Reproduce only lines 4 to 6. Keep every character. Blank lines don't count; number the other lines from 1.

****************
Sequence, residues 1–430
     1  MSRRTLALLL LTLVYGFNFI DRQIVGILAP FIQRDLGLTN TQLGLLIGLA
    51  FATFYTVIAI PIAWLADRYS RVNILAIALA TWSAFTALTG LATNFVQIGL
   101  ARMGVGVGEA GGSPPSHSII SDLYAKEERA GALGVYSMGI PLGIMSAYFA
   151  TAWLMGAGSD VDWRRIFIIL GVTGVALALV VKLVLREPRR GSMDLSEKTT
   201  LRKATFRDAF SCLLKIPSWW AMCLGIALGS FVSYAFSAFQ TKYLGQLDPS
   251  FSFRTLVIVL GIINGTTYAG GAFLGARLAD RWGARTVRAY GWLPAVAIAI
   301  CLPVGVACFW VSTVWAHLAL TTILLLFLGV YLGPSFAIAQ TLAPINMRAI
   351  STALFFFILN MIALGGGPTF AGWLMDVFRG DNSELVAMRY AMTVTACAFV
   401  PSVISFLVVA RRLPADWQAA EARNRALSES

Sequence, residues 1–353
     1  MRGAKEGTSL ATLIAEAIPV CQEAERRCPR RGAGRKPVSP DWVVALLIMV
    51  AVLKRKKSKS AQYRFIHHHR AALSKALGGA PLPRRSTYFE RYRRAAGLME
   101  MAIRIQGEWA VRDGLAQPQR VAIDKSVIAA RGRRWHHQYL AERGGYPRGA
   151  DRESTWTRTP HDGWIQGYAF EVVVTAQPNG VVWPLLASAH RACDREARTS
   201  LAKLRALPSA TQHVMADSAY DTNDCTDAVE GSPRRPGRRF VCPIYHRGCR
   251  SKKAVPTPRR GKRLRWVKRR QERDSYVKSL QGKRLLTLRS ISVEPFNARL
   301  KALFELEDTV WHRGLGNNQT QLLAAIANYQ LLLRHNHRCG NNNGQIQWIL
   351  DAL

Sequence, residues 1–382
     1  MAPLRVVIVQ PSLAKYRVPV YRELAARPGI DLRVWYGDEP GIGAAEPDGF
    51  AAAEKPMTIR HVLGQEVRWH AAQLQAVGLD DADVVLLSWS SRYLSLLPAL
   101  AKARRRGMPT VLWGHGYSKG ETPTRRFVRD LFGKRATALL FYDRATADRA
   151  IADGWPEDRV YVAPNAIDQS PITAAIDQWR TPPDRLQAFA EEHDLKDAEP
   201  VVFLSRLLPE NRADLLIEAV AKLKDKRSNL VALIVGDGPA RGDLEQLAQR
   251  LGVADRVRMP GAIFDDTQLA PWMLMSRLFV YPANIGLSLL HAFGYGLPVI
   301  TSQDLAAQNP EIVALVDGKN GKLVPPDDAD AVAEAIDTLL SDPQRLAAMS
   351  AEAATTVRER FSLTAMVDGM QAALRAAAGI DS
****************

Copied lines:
   101  ARMGVGVGEA GGSPPSHSII SDLYAKEERA GALGVYSMGI PLGIMSAYFA
   151  TAWLMGAGSD VDWRRIFIIL GVTGVALALV VKLVLREPRR GSMDLSEKTT
   201  LRKATFRDAF SCLLKIPSWW AMCLGIALGS FVSYAFSAFQ TKYLGQLDPS